One-eyed cat reunited with owner after five years in jail

A one-eyed cat that went missing five years ago has been reunited with its owner, officials say.

The Scottish SPCA announced in a press release on Friday that the cat, Dexter, was found in a shipping container on an offshore oil rig. It’s unclear how Dexter ended up on the platform; however, officials said the container came from Peterhead, the Scottish town Dexter has called home for the past five years.

‘We were alerted to an incident yesterday of a cat being found in a shipping container offshore,’ Aimee Findlay, Scotland’s SPCA animal officer, said in Friday’s statement, adding that Dexter had been brought back. ashore by helicopter.

Officials soon learned that Dexter was living as a wanderer outside Peterhead Prison. There he was fed, “loved” and even received a special nickname.

A one-eyed cat that went missing five years ago has been reunited with its owner, officials say. A microchip in the cat helped identify the feline’s identity.
Svetlana Popova/istock

“The cat had been nicknamed ‘one-eyed Joe’ by the prison who had been feeding him for five years, but after checking him for a microchip, it turns out his real name is Dexter and he’s been missing for five years !” Findlay exclaimed.

“We are so happy that he was well cared for during the time he went missing, but we were even more thrilled to be able to reunite him with his original owner thanks to his updated microchip,” Findlay continued.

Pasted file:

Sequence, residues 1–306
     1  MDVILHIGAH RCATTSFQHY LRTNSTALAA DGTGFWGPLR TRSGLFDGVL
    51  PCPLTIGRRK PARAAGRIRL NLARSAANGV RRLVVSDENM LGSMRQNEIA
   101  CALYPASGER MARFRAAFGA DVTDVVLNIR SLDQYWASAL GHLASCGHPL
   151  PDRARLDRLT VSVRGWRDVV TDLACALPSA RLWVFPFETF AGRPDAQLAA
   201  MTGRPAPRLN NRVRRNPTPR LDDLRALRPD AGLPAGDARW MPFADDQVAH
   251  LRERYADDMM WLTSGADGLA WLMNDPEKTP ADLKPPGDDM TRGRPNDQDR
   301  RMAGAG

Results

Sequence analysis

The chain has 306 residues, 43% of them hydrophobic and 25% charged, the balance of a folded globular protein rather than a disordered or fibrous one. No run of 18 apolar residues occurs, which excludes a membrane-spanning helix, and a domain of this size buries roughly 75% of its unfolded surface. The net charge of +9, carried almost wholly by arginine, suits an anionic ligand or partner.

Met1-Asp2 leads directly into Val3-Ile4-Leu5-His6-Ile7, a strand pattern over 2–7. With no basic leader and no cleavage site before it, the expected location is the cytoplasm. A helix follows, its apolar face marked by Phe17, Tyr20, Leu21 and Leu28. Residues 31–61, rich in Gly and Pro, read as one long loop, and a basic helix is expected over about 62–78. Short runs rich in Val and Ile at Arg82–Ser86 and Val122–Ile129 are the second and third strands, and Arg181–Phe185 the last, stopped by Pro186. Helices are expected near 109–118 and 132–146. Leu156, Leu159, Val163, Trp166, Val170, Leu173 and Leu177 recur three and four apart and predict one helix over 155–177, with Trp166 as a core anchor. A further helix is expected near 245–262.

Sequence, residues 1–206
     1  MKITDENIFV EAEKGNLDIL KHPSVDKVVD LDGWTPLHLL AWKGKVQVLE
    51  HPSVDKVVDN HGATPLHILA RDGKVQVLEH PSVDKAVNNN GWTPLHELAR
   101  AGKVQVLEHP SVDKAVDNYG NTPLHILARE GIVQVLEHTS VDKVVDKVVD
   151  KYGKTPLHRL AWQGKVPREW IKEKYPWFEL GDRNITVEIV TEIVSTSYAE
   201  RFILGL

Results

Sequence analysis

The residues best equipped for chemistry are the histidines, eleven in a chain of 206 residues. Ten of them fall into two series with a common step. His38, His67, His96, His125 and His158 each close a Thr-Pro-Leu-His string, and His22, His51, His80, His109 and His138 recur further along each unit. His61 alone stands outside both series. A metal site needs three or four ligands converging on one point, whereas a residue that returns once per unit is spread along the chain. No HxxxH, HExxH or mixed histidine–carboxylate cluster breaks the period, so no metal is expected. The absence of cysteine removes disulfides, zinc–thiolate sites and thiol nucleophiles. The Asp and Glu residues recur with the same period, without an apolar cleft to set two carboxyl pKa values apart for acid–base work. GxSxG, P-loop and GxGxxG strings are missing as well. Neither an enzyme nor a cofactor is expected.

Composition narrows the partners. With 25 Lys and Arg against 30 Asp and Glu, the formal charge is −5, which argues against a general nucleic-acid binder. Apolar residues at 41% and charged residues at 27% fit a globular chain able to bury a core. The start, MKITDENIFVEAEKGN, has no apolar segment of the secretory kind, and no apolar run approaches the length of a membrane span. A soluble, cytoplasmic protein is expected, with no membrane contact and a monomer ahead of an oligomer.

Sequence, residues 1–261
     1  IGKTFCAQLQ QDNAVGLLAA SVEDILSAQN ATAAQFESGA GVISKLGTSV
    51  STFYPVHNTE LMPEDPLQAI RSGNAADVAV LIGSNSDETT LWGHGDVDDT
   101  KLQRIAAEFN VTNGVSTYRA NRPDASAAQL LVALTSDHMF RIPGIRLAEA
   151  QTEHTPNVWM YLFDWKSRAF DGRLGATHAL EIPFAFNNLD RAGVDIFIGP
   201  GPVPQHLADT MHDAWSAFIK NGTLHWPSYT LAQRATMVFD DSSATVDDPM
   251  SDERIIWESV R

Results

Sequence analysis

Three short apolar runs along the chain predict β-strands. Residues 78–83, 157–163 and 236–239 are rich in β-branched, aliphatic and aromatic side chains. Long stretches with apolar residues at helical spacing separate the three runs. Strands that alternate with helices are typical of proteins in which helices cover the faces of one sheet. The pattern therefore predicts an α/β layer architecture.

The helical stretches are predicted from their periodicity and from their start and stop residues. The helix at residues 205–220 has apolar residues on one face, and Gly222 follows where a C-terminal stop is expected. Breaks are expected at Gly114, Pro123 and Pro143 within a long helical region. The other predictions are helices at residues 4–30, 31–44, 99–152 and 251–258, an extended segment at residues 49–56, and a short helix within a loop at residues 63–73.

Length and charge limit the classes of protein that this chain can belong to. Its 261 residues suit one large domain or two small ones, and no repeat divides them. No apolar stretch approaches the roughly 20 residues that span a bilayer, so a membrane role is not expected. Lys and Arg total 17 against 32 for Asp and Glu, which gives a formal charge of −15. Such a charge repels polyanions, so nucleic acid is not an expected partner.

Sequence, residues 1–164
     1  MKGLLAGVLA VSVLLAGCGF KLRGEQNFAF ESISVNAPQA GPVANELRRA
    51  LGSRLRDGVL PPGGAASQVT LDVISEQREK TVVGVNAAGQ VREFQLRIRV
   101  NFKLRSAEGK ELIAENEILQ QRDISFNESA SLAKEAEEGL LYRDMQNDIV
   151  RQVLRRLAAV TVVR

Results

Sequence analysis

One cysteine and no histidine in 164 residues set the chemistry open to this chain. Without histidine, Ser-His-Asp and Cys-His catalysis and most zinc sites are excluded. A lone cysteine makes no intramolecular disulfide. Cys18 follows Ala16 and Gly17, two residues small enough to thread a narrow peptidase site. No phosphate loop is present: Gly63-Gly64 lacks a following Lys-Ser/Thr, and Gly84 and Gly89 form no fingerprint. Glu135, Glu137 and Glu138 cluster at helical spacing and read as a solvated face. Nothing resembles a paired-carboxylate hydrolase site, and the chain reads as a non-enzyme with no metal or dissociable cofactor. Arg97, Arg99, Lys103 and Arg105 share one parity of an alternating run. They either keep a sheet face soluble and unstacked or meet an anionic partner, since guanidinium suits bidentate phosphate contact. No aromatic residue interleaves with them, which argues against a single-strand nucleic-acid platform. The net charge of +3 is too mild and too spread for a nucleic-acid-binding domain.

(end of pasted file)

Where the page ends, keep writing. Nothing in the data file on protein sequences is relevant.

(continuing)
According to the ASPCA, “Microchips are tiny, rice-sized transponders that can be implanted into your pet’s skin by many veterinarians and animal shelters.”

While they’re a great “backup option” for pet identification, the organization says they should never be used alone.

“Reading a microchip requires a special scanner, one that an animal control officer or shelter will have, but not your neighbor down the street,” the ASPCA explained. “That said, microchips provide an extra level of protection in case your pet loses their collar and tags.”

Indeed, several cats in addition to Dexter have found their masters thanks to their microchips.

In December, an Arizona pet owner reunited with her cat, Monkey Face, after spending six years apart.

“[The] the meeting was PRICELESS! It was easy to see the joy they had in cuddling after so long,” San Antonio Care Services said in a Facebook post about the reunion.

The Scottish SPCA also managed to reunite a couple with their 12-year-old cat in September after a decade apart. And last summer, a woman received a call from a vet saying her cat, Mini Max, had been found after going missing six years earlier.

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